When a Problem Isn't a ProblemBy Anna Maria Virzi Print
The Information Technology Infrastructure Library helps the bank define, measure, track and investigate service outages. But does it improve service?
When a Problem Isn't a Problem
When the Bank of New York acquired Pershing, a financial clearinghouse for securities and other financial transactions, in May 2003, both organizations were working on improving I.T. service support through ITIL; the Bank of New York initially focused on change and incident management and the Pershing subsidiary zeroed in on incident and problem management. Why? "They were the ones [that gave us] the most pain—from a business perspective," says Gallagher, who was then project leader for the efforts to implement incident and problem management at Pershing.
Today, the Bank of New York, including its Pershing subsidiary, defines a major incident as any issue that causes a disruption of service to three or more internal or external customers. It could involve, say, a disabled mainframe or a server crash that makes it impossible for employees to access a software application. Previously, each group within the I.T. organization used its own method to manage incidents, making it difficult to measure the effectiveness of the process, according to Gallagher. "Also, communication of the status of an incident as it was under investigation was limited and inconsistent; many managers were not aware of the progress of incident diagnosis and resolution," he explains.
At the bank, problem management refers to the process of investigating and verifying the cause of incidents, such as a server outage, and then assessing whether the incident is part of a larger pattern that requires a long-term fix or other remediation, such as notifying the server manufacturer about a possible product defect.
Taking a cue from ITIL, Gallagher stresses that the terms "incident" and "problem" are not interchangeable. In ITIL lingo, an incident refers to a service disruption, e.g., the actual event. The "problem" refers to why an incident happened in the first place.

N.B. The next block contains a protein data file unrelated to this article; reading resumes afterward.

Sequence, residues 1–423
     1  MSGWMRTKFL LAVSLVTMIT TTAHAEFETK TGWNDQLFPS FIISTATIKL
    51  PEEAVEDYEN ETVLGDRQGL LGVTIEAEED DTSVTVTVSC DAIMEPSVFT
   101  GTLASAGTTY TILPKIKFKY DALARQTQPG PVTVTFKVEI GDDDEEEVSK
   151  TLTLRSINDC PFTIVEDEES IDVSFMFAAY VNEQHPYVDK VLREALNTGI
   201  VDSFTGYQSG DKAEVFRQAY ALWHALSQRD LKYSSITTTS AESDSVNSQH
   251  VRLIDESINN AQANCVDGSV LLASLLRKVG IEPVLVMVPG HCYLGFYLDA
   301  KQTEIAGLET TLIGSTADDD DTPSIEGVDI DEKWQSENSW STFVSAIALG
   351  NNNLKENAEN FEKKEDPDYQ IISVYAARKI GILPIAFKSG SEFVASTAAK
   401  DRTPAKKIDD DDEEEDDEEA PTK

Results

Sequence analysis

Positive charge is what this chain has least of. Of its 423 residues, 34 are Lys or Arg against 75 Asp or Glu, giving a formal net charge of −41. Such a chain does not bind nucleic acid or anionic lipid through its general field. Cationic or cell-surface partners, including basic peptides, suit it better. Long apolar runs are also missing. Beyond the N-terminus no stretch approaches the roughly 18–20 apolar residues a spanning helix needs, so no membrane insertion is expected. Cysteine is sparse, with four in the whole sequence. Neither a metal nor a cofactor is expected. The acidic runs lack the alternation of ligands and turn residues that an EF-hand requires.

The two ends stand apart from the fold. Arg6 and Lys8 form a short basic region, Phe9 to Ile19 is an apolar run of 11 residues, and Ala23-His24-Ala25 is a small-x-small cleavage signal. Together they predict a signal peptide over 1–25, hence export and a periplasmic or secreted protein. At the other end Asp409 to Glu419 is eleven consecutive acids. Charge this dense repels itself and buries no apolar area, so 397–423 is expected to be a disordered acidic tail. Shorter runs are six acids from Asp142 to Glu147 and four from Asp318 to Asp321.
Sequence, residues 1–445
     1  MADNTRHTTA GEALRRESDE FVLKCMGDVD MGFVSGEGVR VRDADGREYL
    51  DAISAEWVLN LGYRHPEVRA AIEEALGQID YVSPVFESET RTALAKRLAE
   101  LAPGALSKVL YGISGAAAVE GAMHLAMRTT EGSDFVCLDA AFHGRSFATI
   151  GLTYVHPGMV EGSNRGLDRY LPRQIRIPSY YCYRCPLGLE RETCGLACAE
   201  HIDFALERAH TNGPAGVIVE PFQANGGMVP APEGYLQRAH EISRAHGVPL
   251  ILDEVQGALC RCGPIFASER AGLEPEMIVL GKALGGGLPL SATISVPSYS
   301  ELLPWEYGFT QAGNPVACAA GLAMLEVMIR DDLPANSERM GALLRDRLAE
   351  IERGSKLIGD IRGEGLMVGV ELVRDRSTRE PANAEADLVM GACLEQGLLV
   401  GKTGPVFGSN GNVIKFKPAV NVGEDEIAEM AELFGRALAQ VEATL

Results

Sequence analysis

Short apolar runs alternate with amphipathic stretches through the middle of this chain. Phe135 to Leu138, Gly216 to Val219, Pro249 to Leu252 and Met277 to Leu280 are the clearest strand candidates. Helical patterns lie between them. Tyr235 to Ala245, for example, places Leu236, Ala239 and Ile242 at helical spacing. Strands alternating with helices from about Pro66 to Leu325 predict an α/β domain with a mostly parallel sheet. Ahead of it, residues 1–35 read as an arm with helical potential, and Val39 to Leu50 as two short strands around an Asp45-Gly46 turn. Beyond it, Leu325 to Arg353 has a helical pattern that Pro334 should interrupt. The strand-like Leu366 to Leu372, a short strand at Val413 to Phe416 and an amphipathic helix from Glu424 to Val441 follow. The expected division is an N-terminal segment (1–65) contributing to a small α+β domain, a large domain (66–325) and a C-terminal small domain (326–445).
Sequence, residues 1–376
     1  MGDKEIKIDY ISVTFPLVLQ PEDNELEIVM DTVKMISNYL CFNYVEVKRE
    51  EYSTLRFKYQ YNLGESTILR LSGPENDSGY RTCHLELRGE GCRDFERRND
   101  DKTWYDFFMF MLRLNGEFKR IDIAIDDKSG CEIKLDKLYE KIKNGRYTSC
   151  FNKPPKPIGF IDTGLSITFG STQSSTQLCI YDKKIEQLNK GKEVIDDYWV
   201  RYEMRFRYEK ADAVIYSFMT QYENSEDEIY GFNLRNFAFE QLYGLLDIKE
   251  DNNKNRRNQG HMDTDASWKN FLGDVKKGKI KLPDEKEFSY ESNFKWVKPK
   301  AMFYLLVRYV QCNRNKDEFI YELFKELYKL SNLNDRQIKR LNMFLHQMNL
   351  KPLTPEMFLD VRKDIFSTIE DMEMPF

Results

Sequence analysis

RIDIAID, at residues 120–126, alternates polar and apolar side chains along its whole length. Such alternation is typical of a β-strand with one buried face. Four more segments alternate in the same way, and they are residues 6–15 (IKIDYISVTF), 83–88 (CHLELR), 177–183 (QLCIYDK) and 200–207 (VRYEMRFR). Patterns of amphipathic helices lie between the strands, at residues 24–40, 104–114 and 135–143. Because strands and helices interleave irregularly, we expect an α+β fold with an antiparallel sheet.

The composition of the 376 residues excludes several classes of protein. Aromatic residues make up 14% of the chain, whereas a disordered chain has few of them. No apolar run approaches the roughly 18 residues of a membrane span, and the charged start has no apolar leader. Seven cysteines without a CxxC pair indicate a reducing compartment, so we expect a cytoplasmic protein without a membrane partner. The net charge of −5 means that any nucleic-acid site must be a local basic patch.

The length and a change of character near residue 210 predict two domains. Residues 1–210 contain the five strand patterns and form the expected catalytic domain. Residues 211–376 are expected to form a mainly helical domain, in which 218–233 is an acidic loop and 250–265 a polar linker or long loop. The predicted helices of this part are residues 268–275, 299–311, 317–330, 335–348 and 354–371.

But isn't this splitting hairs? Gallagher sees it this way: An "incident" is something that technology managers must react to as quickly as possible to ensure that service is restored. If you try to investigate the cause of an incident while attempting to restore service, Gallagher says your immediate restoration work won't get top priority—and, as a result, may take longer.
Oftentimes, a company hit with a major service outage due to systems changes will adopt the library's processes for filtering and managing changes to avoid disruptions in service. "What seems to resonate with everyone is that [ITIL] is best practices-based; it provides guidance without specific direction. So, it provides flexibility in how you implement the framework," says Probst.
What's the downside? Don't expect change to happen quickly. "A lot of executives want to know why it's going to take a year or 18 months" to improve a process, Probst says. The reason why it takes so long: Managing services consistently throughout an organization may require employees to change the way they work. "People have to give up old ways." Probst adds. "You're changing culture and the organization."
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